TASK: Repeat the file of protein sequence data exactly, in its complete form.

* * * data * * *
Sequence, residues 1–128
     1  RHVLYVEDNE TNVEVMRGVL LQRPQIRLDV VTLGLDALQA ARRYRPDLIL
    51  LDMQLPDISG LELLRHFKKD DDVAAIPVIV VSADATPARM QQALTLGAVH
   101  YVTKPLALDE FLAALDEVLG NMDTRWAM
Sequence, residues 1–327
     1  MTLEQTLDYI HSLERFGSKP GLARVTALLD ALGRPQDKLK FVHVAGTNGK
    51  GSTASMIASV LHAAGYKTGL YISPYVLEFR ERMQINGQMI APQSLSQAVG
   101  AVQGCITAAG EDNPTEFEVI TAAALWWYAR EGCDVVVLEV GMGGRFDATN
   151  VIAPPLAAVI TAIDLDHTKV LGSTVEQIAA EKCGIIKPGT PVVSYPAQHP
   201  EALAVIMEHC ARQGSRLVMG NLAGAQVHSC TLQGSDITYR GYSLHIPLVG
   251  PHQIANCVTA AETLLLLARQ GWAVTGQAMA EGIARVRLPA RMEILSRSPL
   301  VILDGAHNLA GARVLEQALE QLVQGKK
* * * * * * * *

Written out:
Sequence, residues 1–128
     1  RHVLYVEDNE TNVEVMRGVL LQRPQIRLDV VTLGLDALQA ARRYRPDLIL
    51  LDMQLPDISG LELLRHFKKD DDVAAIPVIV VSADATPARM QQALTLGAVH
   101  YVTKPLALDE FLAALDEVLG NMDTRWAM
Sequence, residues 1–327
     1  MTLEQTLDYI HSLERFGSKP GLARVTALLD ALGRPQDKLK FVHVAGTNGK
    51  GSTASMIASV LHAAGYKTGL YISPYVLEFR ERMQINGQMI APQSLSQAVG
   101  AVQGCITAAG EDNPTEFEVI TAAALWWYAR EGCDVVVLEV GMGGRFDATN
   151  VIAPPLAAVI TAIDLDHTKV LGSTVEQIAA EKCGIIKPGT PVVSYPAQHP
   201  EALAVIMEHC ARQGSRLVMG NLAGAQVHSC TLQGSDITYR GYSLHIPLVG
   251  PHQIANCVTA AETLLLLARQ GWAVTGQAMA EGIARVRLPA RMEILSRSPL
   301  VILDGAHNLA GARVLEQALE QLVQGKK